Ghosts in the Photos: Revealing What Is Hidden
A portrait photographer’s hardest challenge is persuading people to sit or stand still. That was even more true in the old days when camera shutter speeds were slower and the slightest twitch blurred the picture. The problem was compounded with babies, who are notoriously difficult to persuade to sit still.
One trick old-time photographers used when they were asked to make baby portraits was hiding the baby’s mother in the photograph. Hidden Mother photographs from those earlier times have recently gathered attention, with some studios even creating shows featuring the Hidden Mother (or “Ghost Mother”) theme.
Like many other repositories of old photographs, the CALS Butler Center for Arkansas Studies at the Roberts Library likely has dozens of Hidden Mother photographs scattered among its collections. The example on the right is a Hidden Mother photograph, from the Boosey family collection, showing a child clearly being supported by his or her mother, who is covered by a cloth background.
Sometimes the mother would be disguised by a paper cut-out; other times she would stand to the side so the photographer could crop out her image when printing the photograph. This example on the right, though, is probably more typical, with the baby’s mother sitting on a chair, holding her child but covered by a cloth to make her invisible to the camera.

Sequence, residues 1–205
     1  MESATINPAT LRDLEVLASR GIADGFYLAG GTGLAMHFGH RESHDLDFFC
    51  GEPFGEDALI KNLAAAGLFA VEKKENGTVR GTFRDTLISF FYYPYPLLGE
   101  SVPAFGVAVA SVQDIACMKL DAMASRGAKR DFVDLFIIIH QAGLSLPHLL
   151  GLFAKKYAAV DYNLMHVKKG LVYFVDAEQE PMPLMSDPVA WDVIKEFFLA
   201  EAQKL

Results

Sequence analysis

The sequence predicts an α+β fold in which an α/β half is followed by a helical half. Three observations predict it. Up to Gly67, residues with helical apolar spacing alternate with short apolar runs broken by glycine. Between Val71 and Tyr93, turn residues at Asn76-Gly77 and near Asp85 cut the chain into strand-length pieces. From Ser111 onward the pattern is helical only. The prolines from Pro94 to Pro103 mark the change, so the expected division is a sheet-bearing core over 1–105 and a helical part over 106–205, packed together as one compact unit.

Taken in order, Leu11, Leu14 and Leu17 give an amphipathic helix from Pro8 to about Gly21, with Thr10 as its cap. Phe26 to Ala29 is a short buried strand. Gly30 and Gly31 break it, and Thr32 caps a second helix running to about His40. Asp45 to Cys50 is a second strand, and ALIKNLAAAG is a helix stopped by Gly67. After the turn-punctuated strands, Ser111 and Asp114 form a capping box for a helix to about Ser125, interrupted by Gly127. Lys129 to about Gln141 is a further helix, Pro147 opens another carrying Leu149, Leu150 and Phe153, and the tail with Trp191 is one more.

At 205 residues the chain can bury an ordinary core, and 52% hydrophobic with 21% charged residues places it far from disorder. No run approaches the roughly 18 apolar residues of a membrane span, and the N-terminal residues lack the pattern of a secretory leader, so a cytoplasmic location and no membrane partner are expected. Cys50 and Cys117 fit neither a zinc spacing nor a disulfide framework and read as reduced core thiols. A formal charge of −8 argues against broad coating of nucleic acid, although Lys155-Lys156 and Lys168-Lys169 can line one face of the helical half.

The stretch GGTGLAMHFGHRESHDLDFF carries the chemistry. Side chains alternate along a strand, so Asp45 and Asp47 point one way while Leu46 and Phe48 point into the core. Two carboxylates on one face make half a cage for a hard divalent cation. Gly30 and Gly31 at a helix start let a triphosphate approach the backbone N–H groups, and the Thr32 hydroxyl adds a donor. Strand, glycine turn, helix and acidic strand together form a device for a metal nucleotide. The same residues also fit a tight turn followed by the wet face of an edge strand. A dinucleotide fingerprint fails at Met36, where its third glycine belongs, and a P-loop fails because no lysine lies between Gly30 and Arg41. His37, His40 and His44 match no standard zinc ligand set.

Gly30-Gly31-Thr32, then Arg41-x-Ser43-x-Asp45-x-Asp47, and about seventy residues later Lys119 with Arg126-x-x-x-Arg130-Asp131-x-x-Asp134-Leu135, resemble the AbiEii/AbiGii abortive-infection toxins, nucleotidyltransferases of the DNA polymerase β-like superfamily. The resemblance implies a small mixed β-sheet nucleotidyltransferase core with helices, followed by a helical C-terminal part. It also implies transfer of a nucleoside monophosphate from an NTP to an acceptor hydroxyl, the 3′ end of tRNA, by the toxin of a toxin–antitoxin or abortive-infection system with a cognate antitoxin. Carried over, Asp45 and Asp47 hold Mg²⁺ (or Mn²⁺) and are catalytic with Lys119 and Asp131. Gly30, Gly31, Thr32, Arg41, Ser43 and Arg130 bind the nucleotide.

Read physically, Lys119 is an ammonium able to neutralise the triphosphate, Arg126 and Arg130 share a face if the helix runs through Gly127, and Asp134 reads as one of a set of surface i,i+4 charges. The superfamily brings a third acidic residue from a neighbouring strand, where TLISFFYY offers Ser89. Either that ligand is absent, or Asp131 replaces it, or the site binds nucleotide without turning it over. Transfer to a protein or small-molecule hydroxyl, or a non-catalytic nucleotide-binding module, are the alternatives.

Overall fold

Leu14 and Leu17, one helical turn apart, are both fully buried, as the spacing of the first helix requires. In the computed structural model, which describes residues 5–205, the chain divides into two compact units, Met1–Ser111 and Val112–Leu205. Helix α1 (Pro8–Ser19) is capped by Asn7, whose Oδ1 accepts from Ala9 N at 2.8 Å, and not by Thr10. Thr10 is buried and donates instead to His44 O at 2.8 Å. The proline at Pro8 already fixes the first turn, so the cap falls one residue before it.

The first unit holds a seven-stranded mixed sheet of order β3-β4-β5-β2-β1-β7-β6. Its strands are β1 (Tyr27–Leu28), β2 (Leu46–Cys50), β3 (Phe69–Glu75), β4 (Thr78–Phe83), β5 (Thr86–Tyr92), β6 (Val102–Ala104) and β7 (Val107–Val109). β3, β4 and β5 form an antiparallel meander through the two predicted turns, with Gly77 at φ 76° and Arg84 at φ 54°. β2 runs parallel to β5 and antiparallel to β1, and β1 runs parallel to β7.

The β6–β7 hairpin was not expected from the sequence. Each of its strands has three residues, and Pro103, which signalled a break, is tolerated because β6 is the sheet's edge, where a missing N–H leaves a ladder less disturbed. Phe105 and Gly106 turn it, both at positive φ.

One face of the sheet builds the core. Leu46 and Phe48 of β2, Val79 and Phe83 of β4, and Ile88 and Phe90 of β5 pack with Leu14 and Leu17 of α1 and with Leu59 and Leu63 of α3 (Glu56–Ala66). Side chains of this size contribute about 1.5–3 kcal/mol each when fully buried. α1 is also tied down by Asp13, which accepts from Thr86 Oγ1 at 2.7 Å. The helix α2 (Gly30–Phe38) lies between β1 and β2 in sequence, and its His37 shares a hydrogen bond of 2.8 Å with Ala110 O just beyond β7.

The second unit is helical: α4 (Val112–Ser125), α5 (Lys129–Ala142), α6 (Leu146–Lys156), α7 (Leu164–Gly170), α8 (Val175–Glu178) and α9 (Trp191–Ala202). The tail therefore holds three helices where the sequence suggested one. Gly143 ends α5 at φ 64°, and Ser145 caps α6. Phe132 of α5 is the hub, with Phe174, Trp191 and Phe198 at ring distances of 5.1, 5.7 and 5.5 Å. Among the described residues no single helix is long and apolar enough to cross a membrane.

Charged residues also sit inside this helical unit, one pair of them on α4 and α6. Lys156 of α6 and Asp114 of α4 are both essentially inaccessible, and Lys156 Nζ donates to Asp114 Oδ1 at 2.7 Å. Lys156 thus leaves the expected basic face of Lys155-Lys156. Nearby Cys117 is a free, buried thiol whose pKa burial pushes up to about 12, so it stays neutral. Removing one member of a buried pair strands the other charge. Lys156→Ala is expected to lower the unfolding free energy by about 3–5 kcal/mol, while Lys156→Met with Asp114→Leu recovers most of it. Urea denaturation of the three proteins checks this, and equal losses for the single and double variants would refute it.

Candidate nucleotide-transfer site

The following are some more examples in the Hidden Mother genre from the Butler Center’s collections:
Baby Fletcher is John Gould Fletcher Jr., the Pulitzer prize-winning poet. The photograph was taken in Little Rock in 1886 by Davies & Rayburn. It is from the William L. Terry Papers.
Baby Hutchinson is Mary Sue Hutchinson of Nashville, Arkansas, later a schoolteacher in that community. The photograph was taken in Nashville in 1913 and saved as a postcard. It is from the Lucille and Parker Westbrook collection.
Baby Westbrook is Lucille Westbrook. The photo was taken in 1919 and also saved as a postcard. It is from the Lucille and Parker Westbrook collection.
This final photograph, identified as Edith Soles, is from the Connett-Gunn family papers (which are not yet opened to the public). It was taken about 1892.
Come visit us in the Roberts Library Research room or peruse our online collection of digitized items to do your own ghost hunting.
By Steve Teske, archivist at the CALS Butler Center for Arkansas Studies/Roberts Library